Origins, evolution and thoughts about Kanban
1. The need, the Just-In-Time attitude
The resolute and clear Toyoda Kiichiro’s message stated at the end of WW II “catch up with America in three years, otherwise the Japan’s automobile industry won’t survive”, surrounded his team by enthusiasm and faith. This was the environment where Taiichi Ohno and his collaborators started to innovate and make more Japanese the occidental mass production system.
“catch up with America in three years”
The enormous success of Ford’s Model T, was the result of economic wealth of the American society at the beginning of the Twentieth Century, where the market could assimilate almost every product proposed by the industry, especially products with identical features, typical of the mass production system. The whole process of production of large batches of Model T, a car which was sold as fast as it was built (push system), was hiding big amounts of waste, typically called overproduction.
Forty years later, in Japan, the economy was stagnant; still the Japanese people needed to own cars. All this encouraged Toyoda to create an innovative production system, in order to be able to manufacture a wide range of car in small batches, while being economically profitable: this goal (the variety of models) was challenging hard the Ford’s Model T production system.
Small batches, greater responsiveness of customer’s demand
In order to avoid manufacturing and stocking unsold cars, Toyota manufacturing policy changed and set to meet exclusively the actual demand/sales (pull system). Offering more than one model with different customizations, pushed the Japanese car manufacturer to start producing in small batches by enhancing his flexibility and managing fast changeovers, in order to keep the production efficiency level unchanged. As said, the variety of the offer triggered a positive response and the reduced reaction time to customers’ demands allowed to manufacture only what was requested at the exact time, or as Toyota called, the Just-In-Time.
2. The tool, the Kanban
One of the Just-In-Time weapons was the innovative concept of Kanban, literally a tag which lead the production in a direction opposite to the traditional system (pull), an idea borrowed ”from the analysis of a supermarket customer who gets the commodities when and in the exact amount s/he desires. The later process (customer) moves to earlier process (supermarket) then buys the products (commodities) which activates the process of production (shelf replenishment)”.
The supermarket/customer process was brought to the shop floor by using a visual tool as Kanban, a data tag which allowed every operator (assigned to each subprocess), to get the right information at the right time; reading the car’s feature reported on Kanban (later process), the operator picks up the right items (earlier process) to complete the assembly procedure (earlier process) so the partially assembled car can move to the next step.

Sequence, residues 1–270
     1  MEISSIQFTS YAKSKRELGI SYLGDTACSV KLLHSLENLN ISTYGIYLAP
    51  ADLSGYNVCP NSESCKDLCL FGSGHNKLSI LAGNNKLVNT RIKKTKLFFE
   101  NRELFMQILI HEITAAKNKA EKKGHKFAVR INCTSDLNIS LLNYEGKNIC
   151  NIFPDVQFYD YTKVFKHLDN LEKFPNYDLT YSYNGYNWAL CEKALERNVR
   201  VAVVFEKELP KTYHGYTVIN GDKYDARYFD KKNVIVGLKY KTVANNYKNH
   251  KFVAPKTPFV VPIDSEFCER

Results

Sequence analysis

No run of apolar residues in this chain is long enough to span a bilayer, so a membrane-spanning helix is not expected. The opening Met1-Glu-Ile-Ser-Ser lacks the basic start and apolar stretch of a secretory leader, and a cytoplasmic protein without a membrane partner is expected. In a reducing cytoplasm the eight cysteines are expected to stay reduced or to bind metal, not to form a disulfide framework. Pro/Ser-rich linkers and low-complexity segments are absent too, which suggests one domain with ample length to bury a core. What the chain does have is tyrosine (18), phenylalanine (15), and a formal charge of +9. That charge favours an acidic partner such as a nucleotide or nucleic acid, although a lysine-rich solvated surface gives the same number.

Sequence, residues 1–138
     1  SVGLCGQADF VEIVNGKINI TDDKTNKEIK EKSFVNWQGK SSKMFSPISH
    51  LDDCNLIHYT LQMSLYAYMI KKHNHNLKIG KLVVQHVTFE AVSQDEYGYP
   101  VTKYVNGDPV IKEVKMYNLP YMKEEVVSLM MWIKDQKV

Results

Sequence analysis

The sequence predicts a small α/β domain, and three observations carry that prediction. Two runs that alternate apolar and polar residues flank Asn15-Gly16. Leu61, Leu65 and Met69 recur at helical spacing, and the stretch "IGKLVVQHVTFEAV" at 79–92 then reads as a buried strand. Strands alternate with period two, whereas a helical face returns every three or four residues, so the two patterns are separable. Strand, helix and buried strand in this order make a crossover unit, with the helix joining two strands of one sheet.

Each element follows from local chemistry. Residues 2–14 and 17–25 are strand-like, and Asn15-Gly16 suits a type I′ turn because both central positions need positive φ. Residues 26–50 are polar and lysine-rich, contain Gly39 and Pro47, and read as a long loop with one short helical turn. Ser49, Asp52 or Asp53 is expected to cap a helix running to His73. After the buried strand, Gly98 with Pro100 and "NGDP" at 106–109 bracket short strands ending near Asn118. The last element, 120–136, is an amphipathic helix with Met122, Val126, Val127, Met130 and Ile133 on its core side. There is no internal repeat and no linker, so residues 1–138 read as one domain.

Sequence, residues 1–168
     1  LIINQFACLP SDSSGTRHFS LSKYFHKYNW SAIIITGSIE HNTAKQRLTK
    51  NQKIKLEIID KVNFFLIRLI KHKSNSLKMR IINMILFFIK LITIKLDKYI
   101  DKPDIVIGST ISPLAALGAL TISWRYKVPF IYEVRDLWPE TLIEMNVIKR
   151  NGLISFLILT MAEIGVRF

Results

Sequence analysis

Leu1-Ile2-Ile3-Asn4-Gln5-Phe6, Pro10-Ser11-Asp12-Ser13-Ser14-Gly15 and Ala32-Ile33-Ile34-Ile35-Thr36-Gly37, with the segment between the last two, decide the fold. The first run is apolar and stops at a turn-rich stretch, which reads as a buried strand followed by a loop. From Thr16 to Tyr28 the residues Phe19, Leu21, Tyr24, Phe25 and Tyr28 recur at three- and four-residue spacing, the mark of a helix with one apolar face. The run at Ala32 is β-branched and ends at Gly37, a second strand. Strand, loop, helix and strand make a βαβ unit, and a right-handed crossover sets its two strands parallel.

Only a perfect and detailed daily production plan can support the Kanban: an unexpected and little change of the planned schedule can nullify the whole process. Let’s imagine one step of a process, e.g. the bumper installation, which might not be completed because the previous car (with the changed Kanban) used one extra rivet contrary to the initial production plan, leaving the rivet basket empty. Without stabilization and accurate planning the workflow might be interrupted making the Kanban useless.
Another important feature of Kanban, is its capacity to keep high quality standards, stopping the production (by andon) whenever a defective item is discovered, both preventing the use of another unconformable item, and turning on an analysis on what is wrong.
Toyota took almost 10 years to fully integrate the use of Kanban within its processes
I’d like to emphasise the fact that Toyota took almost 10 years to fully integrate the use of Kanban within its processes; behind a simple tag, and its impressive goal of avoiding overproduction, there are several hours of work and tests, to make such an innovative tool efficient and effective.
In my work experiences I saw Kanban used inappropriately during multiple occasions, but the most dangerous one is the recurring (and undisciplined) use of it as a tool to get an unplanned item by bypass the production plan.
In this manner the Kanban loses its precious ability to arrange the workflow as Taiichi Ohno said: “the kanban method is the means by which the Toyota production system moves smoothly”.
“the kanban method is the means by which the Toyota production system moves smoothly”
More discipline during the planning phase and the standardization of all processes are the minimum required steps to achieve the real meaning of Kanban. This is the only way to improve the manufacturing process, and to finally justify the (common) assertion “Yes, we are certainly using the Toyota model”.